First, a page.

"Once upon a time, there was a little boy called… Jude. Jude was a weird boy, he was like us, except he couldn't make things appear when he wanted them; he just saw things. That meant Jude didn't have many friends, 'cos a lot of the other kids teased him. So, one day, Jude was playing near the graveyard, alone. Truth be told, he was hiding from a… monster that lived in his house."

Matilda appeared to be listening, or at least soothed by Kit's voice rumbling in his chest, close to her where she rested her head. She was chewing a rusk that had appeared from no-where, but Kit had no concerns about the safety of the food. The entity protecting the baby had done nothing to hurt her so far, and seemed only to exist to make Matilda happy – much like Kit's role at that moment.

'Yeah, a monster,' the voice in his head teased Kit. 'Is it easier to pretend he's fictional? He's in you too, you know. You were just a baby, just like Matilda, and the monster is in you too – you could turn on her any time…' Kit swallowed hard and banished the voice, like he had done many times before.

Matilda blinked at him, then held up the well-sucked rusk, as if offering it. He smiled at this little gesture (intended or not) and instead guided it back to her mouth. "It's yours, Munchkin. I'm sure your… friend would share with me if it wanted to." That distant laughter happened again, and Kit was suddenly aware he may have another listener to his story.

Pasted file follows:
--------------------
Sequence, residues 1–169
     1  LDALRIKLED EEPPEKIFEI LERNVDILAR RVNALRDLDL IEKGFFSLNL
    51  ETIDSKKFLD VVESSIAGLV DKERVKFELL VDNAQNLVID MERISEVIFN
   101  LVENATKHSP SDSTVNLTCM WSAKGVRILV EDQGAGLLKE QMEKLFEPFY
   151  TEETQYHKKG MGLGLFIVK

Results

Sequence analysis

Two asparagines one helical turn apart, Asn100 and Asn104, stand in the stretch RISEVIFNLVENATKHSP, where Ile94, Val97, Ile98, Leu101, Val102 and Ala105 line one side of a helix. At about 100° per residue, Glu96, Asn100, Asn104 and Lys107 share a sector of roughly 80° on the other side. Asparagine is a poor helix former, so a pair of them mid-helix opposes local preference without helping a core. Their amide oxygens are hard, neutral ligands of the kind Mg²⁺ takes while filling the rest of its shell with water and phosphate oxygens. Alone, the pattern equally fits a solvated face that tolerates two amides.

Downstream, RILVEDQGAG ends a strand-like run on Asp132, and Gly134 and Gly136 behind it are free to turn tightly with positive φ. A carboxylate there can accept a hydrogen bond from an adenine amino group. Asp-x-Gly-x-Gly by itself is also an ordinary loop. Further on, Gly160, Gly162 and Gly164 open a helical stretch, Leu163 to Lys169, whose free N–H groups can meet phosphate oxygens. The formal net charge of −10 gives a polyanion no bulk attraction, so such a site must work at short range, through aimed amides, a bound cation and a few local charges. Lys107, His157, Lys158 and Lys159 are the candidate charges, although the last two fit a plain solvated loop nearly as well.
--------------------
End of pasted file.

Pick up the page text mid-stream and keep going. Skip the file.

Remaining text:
"So, he was playing there because it was quiet, and he liked reading the names on the graves and drawing the lives the people may have had. He wasn't good at drawing, but it made him happy. And then, he heard crying coming from behind one grave. He crept over to it, not wanting to scare whoever was upset. When he got close, he saw the… person who was crying didn't have a body like we have. He didn't have flesh; he had something weird shimmering around him. It was like looking at a reflection in a gently moving stream."

He shifted Matilda, who had finished her rusk, so she was sitting up a little more. That giant rabbit which smelt like peaches had come to be snuggled up against her, and her sticky little hands were holding the ears with a quiet fondness. When Kit fell silent, just watching her, Matilda – who had been looking across the room at nothing that Kit could see – looked up and babbled at him, as if complaining about his silence. She may not have understood the story, but something about the flow of words was curious and calming to her in the same breath.